Despite common social decorum, Hisashi Iwakuma was asked to swing a bat tonight. In a game. For keepsies. He essentially refused. What he did do however, was go five-plus innings allowing two homeruns, and four earned runs. He managed five strikeouts, and I'm doing this off-hand, but something like 56 at-bats where he threw at least 8 pitches. His fastball was sitting low 90's, he worked out of a bases loaded spot in the bottom of the first. That's right, spotted a 3-run lead by those back-to-back jacks up there courtesy of Robinson Cano and Nelson Cruz, The Bear still managed to find himself in a fair bit of trouble right off the bat. This should have been my warning sign, however I never heed omens which is why I'm sure I'll die an early death. He did a fairly nice job keeping his sinker down, yet every so often did something like this:
See that right there is what we in the biz (Vin Scully and I) call a 'true, Italian meatball."
Speaking of Vin Scully, even a man of his considerable age and wisdom commented on the length of the game. You heard it here first, a man who has no broadcast partner, just him and Jimbob doing the stats in the booth while he speaks about old-timey players he makes up on the fly, commented on the length of the game. Vin was kind enough to illuminate the fact that there were thirty-plus foul balls on two-strike counts, a stat I am forced to believe and not fact-check as he is my grandfather (on my mother's side). A man who is so deeply versed in baseball knowledge that he could put the Baseball Almanac to sleep, so proficient at painting pictures that Bob Ross listened to him while he painted, noticed that the game was wearing on. He is still flabbergasted by the notion of the defensive shift. National League Baseball, ladies and gents.
For his part, David Huff looked every bit like the pitcher we thought would lose the game. Except, once again I failed to heed the omen. The dude wears "sports glasses" and likely is a stand-in Oakland Athletic and as such, capable of being just horribly annoying enough to ruin an evening of wine, cheese, and Twisted Sister. Huff only lasted four-full innings, allowing four runs on seven hits, and also giving away his entire allotment of two homeruns. Huff managed to get Robbie to sacrifice himself to the BABIP gods in the 4th, where with runners on 2nd and 3rd, Cano launched a shot just not quite gap-happy enough to plate another two runs. Juan Nicasio would spell Huff in the 5th, walking the bases loaded, but the Mariner's would only come away with one run. It would be the last run they'd score.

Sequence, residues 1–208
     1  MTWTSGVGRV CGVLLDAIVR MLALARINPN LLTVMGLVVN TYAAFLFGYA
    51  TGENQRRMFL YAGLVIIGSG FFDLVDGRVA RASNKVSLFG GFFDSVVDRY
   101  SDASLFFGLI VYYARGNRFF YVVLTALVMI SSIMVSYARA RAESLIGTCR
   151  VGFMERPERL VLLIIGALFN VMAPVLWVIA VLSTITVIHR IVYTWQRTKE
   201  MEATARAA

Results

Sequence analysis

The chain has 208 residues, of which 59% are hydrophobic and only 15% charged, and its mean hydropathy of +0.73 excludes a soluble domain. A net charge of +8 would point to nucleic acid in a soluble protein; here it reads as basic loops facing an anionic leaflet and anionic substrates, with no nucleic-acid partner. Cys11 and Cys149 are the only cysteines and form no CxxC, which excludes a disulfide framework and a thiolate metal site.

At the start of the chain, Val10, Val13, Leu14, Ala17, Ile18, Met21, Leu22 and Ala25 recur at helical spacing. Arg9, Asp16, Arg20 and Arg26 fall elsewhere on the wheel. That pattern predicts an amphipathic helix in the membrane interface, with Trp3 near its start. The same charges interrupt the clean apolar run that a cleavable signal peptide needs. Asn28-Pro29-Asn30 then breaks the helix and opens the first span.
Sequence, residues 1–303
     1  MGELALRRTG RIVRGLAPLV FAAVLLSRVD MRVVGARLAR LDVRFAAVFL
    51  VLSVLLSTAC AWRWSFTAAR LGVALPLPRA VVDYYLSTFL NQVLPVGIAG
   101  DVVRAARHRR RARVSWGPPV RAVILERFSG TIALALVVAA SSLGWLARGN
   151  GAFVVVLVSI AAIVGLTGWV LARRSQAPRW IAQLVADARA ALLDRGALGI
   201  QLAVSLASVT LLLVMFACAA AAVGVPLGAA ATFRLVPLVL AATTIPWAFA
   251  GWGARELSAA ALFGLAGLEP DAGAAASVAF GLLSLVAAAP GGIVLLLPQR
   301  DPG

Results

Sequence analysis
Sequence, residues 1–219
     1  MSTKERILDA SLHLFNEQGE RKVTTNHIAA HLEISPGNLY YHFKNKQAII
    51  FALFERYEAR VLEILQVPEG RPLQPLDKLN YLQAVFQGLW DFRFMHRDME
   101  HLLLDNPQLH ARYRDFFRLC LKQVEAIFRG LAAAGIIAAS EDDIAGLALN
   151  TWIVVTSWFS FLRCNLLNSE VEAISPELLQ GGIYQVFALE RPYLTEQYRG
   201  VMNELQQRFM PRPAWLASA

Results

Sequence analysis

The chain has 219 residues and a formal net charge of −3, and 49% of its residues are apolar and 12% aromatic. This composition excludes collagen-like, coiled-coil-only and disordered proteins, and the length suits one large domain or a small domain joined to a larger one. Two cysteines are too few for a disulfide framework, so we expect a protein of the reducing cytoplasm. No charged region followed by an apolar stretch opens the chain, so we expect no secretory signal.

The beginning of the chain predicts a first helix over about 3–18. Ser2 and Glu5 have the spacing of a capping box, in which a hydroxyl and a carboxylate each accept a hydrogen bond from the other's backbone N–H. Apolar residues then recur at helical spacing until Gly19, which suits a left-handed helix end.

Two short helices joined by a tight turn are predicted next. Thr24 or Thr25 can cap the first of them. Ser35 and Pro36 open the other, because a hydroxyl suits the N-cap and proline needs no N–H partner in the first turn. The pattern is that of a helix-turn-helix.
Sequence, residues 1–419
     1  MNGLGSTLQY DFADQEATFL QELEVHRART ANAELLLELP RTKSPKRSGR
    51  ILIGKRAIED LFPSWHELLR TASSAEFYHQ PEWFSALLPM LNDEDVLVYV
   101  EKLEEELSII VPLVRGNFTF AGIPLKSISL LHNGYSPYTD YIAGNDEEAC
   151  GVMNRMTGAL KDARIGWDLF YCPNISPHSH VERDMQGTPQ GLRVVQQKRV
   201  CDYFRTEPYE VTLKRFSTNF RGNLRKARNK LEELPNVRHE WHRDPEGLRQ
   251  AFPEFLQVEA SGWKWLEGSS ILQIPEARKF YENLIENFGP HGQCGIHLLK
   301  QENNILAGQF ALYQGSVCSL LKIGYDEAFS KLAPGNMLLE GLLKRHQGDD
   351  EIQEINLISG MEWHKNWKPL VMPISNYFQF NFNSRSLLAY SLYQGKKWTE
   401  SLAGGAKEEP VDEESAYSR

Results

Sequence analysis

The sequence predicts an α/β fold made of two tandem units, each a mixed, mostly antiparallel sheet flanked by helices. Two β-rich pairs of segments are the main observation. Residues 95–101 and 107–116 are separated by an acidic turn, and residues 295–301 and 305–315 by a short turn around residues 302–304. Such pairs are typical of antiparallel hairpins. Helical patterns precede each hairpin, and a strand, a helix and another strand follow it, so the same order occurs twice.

Medina came in late, and it has to be said, looked relatively strong. Just strong enough that Lloyd may yet use him to break our hearts in some other, tragic way. Mike Zunino might have needed a topographical map to find his locker post-game because he looks just tragically lost. The worse part is that when he finally found his locker he would have seen there a Golden Sombrero as the kid struck out four, whimpering times tonight. I'd say hit the cages but we may need to find him something even larger to swing at to start. It's early, but the bendy things are still causing him nightmares. Strikeouts still look to be a problem early on, as the M's fell victim to twelve of them (two being Iwakuma's). Austin Jackson is getting really good at grounding out.
However, the offense did a decent job of manufacturing runs early in the game, always staying ahead of the Dodgers on the scoreboard from the first inning. Rickie Weeks had himself a nice day at the plate, singling in Willie Bloomquist in the fourth. Will Ballgame also managed to push Cruz across in the 5th on a fielder's choice. Weeks, Cano, Bloomquist, and Kyle Seager all checked in with two hits apiece. Cruz also deserves kudos for showing the patience to take his two walks when the Dodgers staff clearly was no longer wanting to throw baseballs close to his body. It's a weird feeling with this team, being unsettled with the pitching staff and pleased with the offense.
Part of me wants to believe that the bottom of the ninth didn't actually happen, but let me try to remember. Let's see, it was 5-4 M's, the bases were loaded with one down. Oh yeah, Fernando Rodney totally Brandon League'd it with assist from Howie Kendrick.
Despite their record, you can see how this team is a good one. Tonight just wasn't their most-shining moment.